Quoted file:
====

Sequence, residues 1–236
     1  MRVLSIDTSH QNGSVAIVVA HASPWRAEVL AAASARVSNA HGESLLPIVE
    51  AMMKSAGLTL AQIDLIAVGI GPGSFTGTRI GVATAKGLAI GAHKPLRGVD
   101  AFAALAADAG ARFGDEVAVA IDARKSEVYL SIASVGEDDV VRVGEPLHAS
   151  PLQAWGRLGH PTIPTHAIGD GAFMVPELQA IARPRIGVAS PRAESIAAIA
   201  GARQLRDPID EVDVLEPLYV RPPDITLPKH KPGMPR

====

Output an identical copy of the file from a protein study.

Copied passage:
Sequence, residues 1–236
     1  MRVLSIDTSH QNGSVAIVVA HASPWRAEVL AAASARVSNA HGESLLPIVE
    51  AMMKSAGLTL AQIDLIAVGI GPGSFTGTRI GVATAKGLAI GAHKPLRGVD
   101  AFAALAADAG ARFGDEVAVA IDARKSEVYL SIASVGEDDV VRVGEPLHAS
   151  PLQAWGRLGH PTIPTHAIGD GAFMVPELQA IARPRIGVAS PRAESIAAIA
   201  GARQLRDPID EVDVLEPLYV RPPDITLPKH KPGMPR